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Small Tasting Guide (Part 2)

9 July 2017

at 22:24 by Social

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Excerpt from our book - ‘TEA History, Terroirs, Varieties.

Aside from the wealth of knowledge, cultural and personal experience a taster possesses he or she must be able to summon up several skills. One of them is the ability to analyse sensations in order to express them clearly.

When one inhales a fragrance, an image or an emotion often comes to mind more readily than a word. Unfortunately, without the help of the right vocabulary, an emotion can be difficult to interpret. Associating a smell with a word allows us to classify it, to categorize it so that it will be easier to communicate or recognize later.

Learning the right vocabulary is therefore fundamental. By developing our olfactory memory every day and becoming aware of the smells around us, our senses will naturally learn to be more precise.

Naming the aromas of a tea is much more difficult than detecting the various flavors, for a very simple reason: an infusion of tea releases several hundred volatile molecules. Bombarded with all this information, the brain has to sort and summarize.

To learn how to use the vocabulary of tasting correctly, it is a good idea to start by getting to know the various styles of tea aromas. The aim is not to learn by heart all these terms and definitions, but to better understand the groups of smells according to their olfactory characteristics. Of course, the fragrances of tea are not set, and they can belong to several families and often mingle different shades of various aromas, mystifying us and enhancing our pleasure….Enjoy!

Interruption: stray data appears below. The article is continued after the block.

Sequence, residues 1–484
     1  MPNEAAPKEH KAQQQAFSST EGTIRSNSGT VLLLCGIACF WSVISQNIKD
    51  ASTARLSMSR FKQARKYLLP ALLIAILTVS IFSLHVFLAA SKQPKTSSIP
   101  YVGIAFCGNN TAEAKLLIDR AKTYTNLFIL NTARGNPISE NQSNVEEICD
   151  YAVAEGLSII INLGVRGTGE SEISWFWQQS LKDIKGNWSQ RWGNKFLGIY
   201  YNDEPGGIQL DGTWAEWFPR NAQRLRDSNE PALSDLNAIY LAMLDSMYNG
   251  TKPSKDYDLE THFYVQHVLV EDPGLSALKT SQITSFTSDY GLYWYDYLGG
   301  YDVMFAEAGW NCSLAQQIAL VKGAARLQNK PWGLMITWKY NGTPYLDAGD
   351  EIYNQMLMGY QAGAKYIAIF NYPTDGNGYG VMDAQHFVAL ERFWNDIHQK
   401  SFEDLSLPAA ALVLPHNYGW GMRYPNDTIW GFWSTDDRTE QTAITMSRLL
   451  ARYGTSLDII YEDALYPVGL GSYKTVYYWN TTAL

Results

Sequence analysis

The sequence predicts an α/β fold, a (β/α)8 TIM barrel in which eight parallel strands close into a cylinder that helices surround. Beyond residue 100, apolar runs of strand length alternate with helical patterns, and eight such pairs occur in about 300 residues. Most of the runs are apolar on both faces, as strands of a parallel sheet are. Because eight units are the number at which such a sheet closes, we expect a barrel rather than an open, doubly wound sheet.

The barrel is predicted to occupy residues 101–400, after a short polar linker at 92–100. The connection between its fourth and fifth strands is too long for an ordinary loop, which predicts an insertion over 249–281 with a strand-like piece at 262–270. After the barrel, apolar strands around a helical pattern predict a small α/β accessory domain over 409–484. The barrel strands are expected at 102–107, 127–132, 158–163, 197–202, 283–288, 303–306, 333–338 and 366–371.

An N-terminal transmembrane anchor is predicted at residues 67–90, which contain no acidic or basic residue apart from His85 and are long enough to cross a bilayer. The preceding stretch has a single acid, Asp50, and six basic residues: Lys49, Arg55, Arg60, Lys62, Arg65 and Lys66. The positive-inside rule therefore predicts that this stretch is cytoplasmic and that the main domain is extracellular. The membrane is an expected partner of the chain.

The Camellia Sinensis Flavour Wheel (see image above) is now used by tea companies all over the World.  It was first developed by our team back in 2008 as we put all the material together for the original French edition of our book ‘TEA History, Terroirs, Varieties.  It is a tea specific version of similar flavour wheels used in the worlds of wine, scotch and other forms of tasting.

Small Tasting Guide (part 1)

27 June 2017

at 22:18 by Social

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Excerpt from our book – Tea: history, terroirs, variety

Intimately linked to our experiences and our eating habits, taste is one of the most fundamental cultural traits. It enables us to perceive, consciously or not, the entire range of flavors while creating direct links between our past and our present.